In general, malpractice refers to a situation in which a professional harms a victim by providing substandard services -- meaning that another equally trained professional might have avoided the harm caused to the victim. Brokerage malpractice refers to cases in which stock brokers or analysts issue unfounded, incorrect, deceptive, or otherwise misleading advice to their clients. As a result, the client may makes poor investment choices and lose a significant amount of money. A securities firm that employs a stockbroker guilty of malpractice may bear legal liability. If you have lost money due to brokerage malpractice, please contact the stock fraud attorneys at Farah & Farah, P.A. today - located in Jacksonville, Florida.
Brokers must make their clients aware of their activities. They are not allowed to make trades on a client's account against the client's will. If a broker makes an unauthorized trade on your account, you may have legal recourse. Please contactthe stock fraud attorneys at Farah & Farah, P.A. to learn more - located in Jacksonville, Florida.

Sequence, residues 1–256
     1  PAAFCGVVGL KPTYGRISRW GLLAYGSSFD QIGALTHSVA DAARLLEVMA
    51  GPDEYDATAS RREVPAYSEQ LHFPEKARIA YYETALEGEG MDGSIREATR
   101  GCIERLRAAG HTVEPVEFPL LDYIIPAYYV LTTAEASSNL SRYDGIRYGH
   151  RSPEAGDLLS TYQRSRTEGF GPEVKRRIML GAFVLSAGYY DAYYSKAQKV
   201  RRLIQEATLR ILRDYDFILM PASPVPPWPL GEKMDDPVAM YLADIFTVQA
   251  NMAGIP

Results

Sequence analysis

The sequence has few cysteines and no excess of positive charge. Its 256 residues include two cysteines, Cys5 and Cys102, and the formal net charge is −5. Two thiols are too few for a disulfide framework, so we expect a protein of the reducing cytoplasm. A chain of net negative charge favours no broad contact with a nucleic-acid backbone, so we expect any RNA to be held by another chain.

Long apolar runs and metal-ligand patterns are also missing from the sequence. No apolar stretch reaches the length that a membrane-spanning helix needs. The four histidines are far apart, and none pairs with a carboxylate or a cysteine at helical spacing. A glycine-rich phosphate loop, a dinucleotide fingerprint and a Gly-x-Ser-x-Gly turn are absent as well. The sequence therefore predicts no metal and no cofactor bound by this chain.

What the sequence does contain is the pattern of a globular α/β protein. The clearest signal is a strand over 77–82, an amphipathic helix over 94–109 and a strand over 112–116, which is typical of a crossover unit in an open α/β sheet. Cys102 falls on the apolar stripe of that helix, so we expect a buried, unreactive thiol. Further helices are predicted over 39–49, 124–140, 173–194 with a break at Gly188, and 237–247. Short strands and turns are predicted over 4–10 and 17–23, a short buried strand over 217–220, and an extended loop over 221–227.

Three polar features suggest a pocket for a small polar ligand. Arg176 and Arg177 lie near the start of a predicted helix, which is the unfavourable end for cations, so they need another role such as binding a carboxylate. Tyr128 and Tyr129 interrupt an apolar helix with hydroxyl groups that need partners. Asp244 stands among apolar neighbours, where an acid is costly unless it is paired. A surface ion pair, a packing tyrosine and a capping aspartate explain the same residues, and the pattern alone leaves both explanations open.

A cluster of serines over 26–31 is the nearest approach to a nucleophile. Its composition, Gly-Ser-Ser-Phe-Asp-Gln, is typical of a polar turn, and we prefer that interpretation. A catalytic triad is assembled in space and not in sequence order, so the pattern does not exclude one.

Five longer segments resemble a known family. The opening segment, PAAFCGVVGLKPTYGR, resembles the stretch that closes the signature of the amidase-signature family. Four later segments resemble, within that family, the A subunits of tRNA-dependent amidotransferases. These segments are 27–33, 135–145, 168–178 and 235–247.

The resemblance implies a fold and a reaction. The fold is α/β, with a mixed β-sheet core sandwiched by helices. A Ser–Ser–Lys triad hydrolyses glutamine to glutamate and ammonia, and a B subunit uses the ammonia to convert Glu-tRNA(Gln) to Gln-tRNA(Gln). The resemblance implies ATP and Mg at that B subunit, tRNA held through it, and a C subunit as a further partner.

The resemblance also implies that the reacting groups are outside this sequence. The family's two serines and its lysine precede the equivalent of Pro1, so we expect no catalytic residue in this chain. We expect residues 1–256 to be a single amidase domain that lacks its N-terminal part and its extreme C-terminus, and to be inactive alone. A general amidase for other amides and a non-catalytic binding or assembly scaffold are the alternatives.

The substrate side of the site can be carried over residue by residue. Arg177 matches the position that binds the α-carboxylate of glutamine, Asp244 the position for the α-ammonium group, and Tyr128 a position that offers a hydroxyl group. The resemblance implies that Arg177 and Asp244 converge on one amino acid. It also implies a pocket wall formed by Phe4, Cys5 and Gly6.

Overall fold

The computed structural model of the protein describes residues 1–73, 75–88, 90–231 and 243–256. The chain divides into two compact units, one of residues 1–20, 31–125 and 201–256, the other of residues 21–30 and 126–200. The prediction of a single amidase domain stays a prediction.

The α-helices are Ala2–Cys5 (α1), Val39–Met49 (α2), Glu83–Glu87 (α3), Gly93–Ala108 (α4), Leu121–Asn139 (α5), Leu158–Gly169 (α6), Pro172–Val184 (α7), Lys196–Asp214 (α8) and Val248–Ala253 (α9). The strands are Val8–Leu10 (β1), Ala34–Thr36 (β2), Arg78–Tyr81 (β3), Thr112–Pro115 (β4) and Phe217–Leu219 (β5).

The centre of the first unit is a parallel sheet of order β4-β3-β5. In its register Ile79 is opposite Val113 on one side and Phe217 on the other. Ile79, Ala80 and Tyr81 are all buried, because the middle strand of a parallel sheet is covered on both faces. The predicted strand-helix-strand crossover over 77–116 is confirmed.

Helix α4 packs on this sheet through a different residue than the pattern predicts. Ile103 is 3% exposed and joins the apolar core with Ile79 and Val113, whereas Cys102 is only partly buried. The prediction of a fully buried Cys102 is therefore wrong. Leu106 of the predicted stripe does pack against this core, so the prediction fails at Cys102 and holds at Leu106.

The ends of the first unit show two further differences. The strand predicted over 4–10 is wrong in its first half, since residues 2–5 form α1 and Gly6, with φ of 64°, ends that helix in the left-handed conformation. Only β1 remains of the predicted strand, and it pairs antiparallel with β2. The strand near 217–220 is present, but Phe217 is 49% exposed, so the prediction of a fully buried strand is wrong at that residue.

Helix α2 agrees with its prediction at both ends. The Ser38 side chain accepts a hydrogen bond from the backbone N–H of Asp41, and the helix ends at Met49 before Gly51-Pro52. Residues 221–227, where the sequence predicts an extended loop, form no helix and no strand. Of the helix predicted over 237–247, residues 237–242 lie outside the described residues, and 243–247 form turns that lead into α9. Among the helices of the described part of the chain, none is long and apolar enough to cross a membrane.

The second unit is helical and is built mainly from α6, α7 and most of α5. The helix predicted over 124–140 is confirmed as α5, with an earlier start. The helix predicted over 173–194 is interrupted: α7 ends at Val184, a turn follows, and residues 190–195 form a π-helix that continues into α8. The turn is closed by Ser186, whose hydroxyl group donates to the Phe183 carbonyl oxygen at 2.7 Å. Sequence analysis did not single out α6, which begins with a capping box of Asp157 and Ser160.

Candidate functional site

Because many securities firms conduct both investment banking and stock analysis, the potential for a conflict of interest is always present. Analysts may be tempted or persuaded to give a particular stock a strong evaluation if the company is a client. Similarly, lower ratings may be given to competitors of clients. If this happens, it is known as a conflict of interest, which is illegal. Investors can be hurt by misleading stock reports, often losing large amounts of money because they were deceived or led astray. If you have lost money through stock analyst conflict of interest, please contact the securities fraud lawyers at Farah & Farah, P.A. today - located in Jacksonville, Florida.